Better World Club

Thursday, August 28, 2008

What The Frack?!?!?

The Oil and Gas Industries are Pumping Millions of Gallons of Dangerous Chemicals Into the Ground, and Nobody's Regulating Them

Gosh, the EPA Must Be Too Busy Regulating Greenhouse Gas Emissions from Cars... No, Wait, They're Not Doing That Either

Well, Maybe They're All Too Busy Lining Up Jobs in the Oil, Chemical, and Mining Industries Before January 2009

Fracturing ("fracking") fluids are toxic chemical cocktails that companies drilling for oil or natural gas use to break up rock below ground. The ingredients that make up these fracking fluids are a closely held and unregulated secret, and can include almost any set of chemicals.

The EPA okayed the use of these fluids in 2004, deeming them safe for groundwater and the environment. In 2005, Congress exempted fracking fluids from the Safe Drinking Water Act, due to the fact that they are usually pumped into the ground far below water tables.

Pumping millions of gallons of toxic chemicals into the ground? Great idea! What could possibly go wrong? Well, plenty. Recently, an employee at an energy-services company in Colorado got caught in a fracking fluid spill (that was never officially reported). The worker experienced headaches and nausea and was taken to the emergency room. The chemical stench given off by the sick man was so great that the ER was locked down and hospital staff were ordered to wear protective masks and gowns. The nurse who attended the sick man got sick herself several days later and was admitted into the intensive care unit with a swollen liver, erratic blood counts, and lungs filling with fluid.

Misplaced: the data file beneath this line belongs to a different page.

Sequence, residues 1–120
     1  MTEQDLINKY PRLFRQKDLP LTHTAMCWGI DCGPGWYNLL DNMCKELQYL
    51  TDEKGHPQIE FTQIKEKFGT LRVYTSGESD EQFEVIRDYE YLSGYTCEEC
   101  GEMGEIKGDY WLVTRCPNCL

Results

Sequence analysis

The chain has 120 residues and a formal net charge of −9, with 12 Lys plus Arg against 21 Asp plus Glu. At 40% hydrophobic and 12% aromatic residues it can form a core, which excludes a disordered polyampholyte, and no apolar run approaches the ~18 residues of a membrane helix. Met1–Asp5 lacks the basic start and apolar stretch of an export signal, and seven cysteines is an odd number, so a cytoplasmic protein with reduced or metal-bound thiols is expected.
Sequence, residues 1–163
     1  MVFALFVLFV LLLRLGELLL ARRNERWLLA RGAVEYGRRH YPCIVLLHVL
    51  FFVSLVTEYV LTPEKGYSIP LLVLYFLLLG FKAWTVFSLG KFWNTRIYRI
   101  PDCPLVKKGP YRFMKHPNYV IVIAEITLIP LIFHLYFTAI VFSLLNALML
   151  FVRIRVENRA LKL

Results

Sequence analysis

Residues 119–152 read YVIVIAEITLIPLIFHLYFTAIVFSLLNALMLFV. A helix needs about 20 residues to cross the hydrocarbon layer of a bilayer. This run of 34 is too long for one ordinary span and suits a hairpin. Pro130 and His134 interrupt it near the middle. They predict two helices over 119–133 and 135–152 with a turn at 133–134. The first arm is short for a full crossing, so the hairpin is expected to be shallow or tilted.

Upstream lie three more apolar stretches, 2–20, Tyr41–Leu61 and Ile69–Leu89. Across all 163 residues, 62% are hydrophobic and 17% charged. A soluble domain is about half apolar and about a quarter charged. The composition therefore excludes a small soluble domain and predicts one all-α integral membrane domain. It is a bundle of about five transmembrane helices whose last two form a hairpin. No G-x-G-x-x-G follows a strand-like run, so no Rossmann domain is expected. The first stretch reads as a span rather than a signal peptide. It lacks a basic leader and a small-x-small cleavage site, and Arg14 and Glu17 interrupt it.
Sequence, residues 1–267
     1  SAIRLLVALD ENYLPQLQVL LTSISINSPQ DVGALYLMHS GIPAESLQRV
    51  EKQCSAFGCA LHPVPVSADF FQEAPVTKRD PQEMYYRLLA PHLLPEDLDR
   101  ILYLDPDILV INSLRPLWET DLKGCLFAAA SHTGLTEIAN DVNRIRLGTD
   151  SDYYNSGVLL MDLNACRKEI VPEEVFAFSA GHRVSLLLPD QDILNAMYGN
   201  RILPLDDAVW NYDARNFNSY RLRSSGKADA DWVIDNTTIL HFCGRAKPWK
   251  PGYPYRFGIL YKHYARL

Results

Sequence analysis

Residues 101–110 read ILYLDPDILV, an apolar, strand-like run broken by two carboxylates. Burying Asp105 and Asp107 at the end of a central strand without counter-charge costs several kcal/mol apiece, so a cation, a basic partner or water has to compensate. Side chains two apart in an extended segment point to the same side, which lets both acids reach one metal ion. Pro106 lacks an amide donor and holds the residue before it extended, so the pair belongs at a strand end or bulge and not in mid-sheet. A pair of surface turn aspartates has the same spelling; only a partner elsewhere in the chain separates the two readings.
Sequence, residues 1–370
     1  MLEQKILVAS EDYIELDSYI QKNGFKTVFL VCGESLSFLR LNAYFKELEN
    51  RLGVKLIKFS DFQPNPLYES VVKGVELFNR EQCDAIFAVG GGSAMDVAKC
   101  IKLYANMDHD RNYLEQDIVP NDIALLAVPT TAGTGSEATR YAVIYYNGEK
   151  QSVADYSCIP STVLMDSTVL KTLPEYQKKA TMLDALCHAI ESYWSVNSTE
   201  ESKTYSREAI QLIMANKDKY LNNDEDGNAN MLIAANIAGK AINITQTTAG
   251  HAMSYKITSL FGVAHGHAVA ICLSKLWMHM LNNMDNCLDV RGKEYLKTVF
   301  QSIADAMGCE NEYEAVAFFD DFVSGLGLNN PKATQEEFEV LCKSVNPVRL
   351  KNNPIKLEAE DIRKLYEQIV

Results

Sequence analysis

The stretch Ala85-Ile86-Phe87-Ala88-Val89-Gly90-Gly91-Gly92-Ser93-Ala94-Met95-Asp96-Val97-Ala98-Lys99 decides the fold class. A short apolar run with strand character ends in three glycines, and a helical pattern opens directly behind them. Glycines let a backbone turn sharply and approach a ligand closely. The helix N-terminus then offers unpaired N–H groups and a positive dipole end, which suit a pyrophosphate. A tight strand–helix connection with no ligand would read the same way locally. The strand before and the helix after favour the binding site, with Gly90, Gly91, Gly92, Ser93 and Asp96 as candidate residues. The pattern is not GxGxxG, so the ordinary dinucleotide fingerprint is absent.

This incident was caused by a mere 130-gallon spill. Millions of gallons of fracking fluid are being pumped into the ground. With all of the new drilling permits being issued by our fossil fuel-loving president (in the Rocky Mountain region alone, 33,000 new wells have been approved since 2001), it's only a matter of time before a major spill occurs.

Also, what about the long-term effects of pumping unregulated toxic chemicals into the ground? Not to be a baby about this, but our food and drinking water come from the ground, too. You think maybe we should be paying more attention to what we're pumping down there?

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Tuesday, August 26, 2008

Prius and Prejudice II: The Case Against the Case Against the Electric Car (and the Case for It, Too!)

Last month, Sunil Somalwar, a physics professor at Rutgers University, was kind enough to submit an article to Driving Change entitled "Prius and Prejudice: A Case Against the Electric Car". The piece generated a lot of responses, both pro and con.

This month, we're publishing these responses from our readers and asking others to post their own opinions to the comments section at the end of this article (this is a new feature!).

In case you didn't read it last month, or need a quick refresher, you can click here to read Mr. Somalwar's original article.

Here are our reader responses (in no particular order):

"Thanks so much for bringing up the facts about coal, and making us see that electricity is presently mostly made from coal. These are very important things to recognize in the discussion of alternative vehicles.

However, there are other ways to get electricity than fossil fuel use. Solar power does exist, solar panels are available, and for sale, and last a remarkably long time. If you set yourself up with solar panels for electricity, you'll never have to pay a utility bill again, either! It's not yet as easy to set up as a lot of things, maybe, but I already have some solar powered calculators and flashlights that just sit in my windowsills, and they were very easy to get. That looks closer to a permanent solution to me. What do other people think?"

- Becky F.